- Teddy co-wrote the bulk of his mother Linda Thompson's comeback album, Fashionably Late (2002). He also contributed guitar and vocals on the album. The song All I See, written by Teddy and featuring Linda on vocals, first appeared on Teddy's 2000 self-titled debut.
- Thompson contributes covers of Leonard Cohen's "Tonight Will Be Fine" and "The Future" to a CD soundtrack released by Verve Records in 2006, featuring select covers from 2005 tribute concerts to the singer-songwriter.
- Teddy was featured in one of the episodes of Live from Abbey Road, along with Brian Wilson and Martha Wainwright, during September 2008. Teddy contributed two songs: "In My Arms" and "Don't Know What I Was Thinking", from A Piece of What You Need. Thompson and Martha Wainwright also performed the Beatles song "We Can Work it Out" together at the end of the airing episode. The episode aired on The Sundance Channel on September 4 in the US and on September 13 in the UK.
- Thompson again co-wrote much of his mother's 2007 album, Versatile Heart.
- Thompson is featured in a DVD with Keane, entitled Curate a Night For a War Child (released in September 2008), contributing two songs from Upfront & Down Low.
- Teddy was featured in a documentary about Jason Crigler; a well-known guitarist and musician who is also a close friend of Thompson. The documentary is called Life. Support.Music and is about the amazing recovery Crigler made after suffering from a serious brain hemorrhage in 2004. The documentary also feature Jason's family and friends with appearances by Teddy and Norah Jones amongst others. Life. Support.Music aired on PBS July 7, 2009.
- Thompson toured as part of Rosanne Cash's band in the early 2000s.
- In January and February 2009, he toured the UK with The Gray Race as his opening act and backup band.
- Teddy appeared as the opening act for Elton John, supporting him on a line of dates in June 2009, followed by some appearances at the Festival scene in the UK later in the summer.
- He appears regularly at the Rockwood Music Hall in New York City with his rockabilly band Poundcake, a trio he completes with Ethan Eubanks and Jeff Hill.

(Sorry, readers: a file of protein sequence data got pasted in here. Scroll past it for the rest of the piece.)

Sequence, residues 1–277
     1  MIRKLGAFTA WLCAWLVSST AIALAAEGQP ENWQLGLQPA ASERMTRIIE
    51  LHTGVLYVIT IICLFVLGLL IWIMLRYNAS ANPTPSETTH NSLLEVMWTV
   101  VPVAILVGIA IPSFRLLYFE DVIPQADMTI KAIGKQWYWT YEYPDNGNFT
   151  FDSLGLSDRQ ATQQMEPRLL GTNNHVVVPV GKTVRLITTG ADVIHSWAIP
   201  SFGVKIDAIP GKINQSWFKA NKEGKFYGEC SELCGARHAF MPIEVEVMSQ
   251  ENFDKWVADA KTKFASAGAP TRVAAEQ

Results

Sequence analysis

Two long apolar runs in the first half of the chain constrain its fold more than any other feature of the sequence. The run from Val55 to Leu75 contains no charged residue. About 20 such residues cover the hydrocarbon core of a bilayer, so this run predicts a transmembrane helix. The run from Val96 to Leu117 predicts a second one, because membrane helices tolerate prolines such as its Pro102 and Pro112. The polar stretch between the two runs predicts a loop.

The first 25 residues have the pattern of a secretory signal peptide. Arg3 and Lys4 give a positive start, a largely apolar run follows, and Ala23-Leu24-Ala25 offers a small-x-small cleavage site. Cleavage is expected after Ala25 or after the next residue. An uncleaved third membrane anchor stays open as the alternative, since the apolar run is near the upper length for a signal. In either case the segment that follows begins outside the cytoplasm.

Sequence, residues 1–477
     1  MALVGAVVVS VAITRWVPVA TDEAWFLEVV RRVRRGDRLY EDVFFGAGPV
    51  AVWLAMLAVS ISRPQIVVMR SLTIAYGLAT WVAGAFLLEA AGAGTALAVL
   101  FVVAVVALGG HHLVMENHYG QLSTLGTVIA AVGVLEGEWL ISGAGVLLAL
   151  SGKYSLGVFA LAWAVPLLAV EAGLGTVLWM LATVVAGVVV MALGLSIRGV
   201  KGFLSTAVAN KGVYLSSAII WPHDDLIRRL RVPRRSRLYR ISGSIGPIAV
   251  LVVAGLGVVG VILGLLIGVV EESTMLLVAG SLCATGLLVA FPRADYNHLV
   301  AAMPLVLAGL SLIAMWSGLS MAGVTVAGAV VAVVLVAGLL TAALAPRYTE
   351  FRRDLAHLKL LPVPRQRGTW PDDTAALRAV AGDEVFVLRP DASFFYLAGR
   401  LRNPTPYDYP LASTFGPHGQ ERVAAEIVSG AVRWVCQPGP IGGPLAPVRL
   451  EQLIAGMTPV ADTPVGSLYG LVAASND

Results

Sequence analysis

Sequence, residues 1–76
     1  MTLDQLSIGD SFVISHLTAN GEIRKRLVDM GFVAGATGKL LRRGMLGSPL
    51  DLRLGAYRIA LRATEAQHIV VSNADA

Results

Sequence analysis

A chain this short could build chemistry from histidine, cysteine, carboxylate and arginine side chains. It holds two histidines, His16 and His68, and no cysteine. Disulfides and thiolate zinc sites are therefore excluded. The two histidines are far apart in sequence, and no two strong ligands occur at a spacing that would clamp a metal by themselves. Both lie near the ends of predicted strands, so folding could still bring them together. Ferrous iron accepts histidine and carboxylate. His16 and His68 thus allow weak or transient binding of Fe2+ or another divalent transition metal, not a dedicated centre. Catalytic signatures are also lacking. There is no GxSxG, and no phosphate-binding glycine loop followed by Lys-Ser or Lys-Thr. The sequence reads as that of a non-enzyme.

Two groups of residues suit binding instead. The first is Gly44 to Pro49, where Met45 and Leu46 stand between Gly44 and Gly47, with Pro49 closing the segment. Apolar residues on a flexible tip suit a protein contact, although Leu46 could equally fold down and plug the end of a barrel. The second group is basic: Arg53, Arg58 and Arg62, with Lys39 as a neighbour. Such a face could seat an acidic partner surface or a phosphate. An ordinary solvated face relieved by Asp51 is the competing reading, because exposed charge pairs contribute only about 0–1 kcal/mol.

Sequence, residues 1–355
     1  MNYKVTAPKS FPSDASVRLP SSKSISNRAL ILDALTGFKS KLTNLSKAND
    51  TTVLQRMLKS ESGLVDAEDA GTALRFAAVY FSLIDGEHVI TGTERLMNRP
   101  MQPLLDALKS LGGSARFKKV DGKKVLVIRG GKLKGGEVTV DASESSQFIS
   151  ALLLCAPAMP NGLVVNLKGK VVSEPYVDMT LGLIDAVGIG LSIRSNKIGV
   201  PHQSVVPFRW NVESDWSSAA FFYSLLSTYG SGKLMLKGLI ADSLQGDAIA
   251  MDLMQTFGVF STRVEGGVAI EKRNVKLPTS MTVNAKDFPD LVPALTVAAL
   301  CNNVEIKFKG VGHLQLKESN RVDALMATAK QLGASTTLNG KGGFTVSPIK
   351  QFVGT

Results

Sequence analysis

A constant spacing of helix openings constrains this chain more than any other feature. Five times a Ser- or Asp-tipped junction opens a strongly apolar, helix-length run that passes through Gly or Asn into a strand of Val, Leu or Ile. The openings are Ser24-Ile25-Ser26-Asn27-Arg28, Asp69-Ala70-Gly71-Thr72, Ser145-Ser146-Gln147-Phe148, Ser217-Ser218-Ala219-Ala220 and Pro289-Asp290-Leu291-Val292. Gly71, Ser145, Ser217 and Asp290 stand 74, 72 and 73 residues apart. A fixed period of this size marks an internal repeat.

- In January 2011 he appeared, with David Ford and Ashley Cleveland, at the Celtic Connections festival in Glasgow.
- Throughout January and February 2011 Thompson toured the UK supporting his latest release Bella and with him on the road were his regular backing band with Ethan Eubanks on drums, Jeff Hill on bass, Daniel Mintseris on keyboards and featuring Jessie Nelson on fiddle and David Ford on keyboards and guitars on some of the songs.
- Thompson and his band returnes to the United States in April 2011 supporting rock band Old 97's on their American tour.
- Thompson participated in a series of Leonard Cohen tribute concerts, called "Came So Far for Beauty", produced and arranged by Hal Willner, performing along with Nick Cave, The McGarrigles, Martha Wainwright, Rufus Wainwright, Jarvis Cocker, Beth Orton, Laurie Anderson, Linda Thompson, Antony Hegarty, and Cohen's original backing singers Perla Batalla and Julie Christensen. The concerts were performed in New York, Brighton, Dublin and Sydney. The Sydney concert was filmed and became Leonard Cohen: I'm Your Man, a film tribute to the legendary songwriter. A CD soundtrack featuring select covers from the tribute concerts was released by Verve Records in 2006; Thompson contributes covers of "Tonight Will Be Fine" and "The Future".
- In December 2005, Thompson appeared on BBC Radio 2, along with numerous other artists, for a John Lennon tribute. Thompson performed "I'm Only Sleeping" and "You've Got to Hide Your Love Away".
- On May 3 2009 Teddy appeared along with a lineup of other artists including Emmylou Harris, Bruce Springsteen, Rufus and Martha Wainwright at Madison Square Garden to celebrate the 90th birthday of folk music icon and folk-singer Pete Seeger.
- In December 2006, Thompson appeared with his mother Linda and younger sister Kamila as part of the Rufus and Martha Wainwright's "Christmas Spectacular" at Carnegie Hall in New York.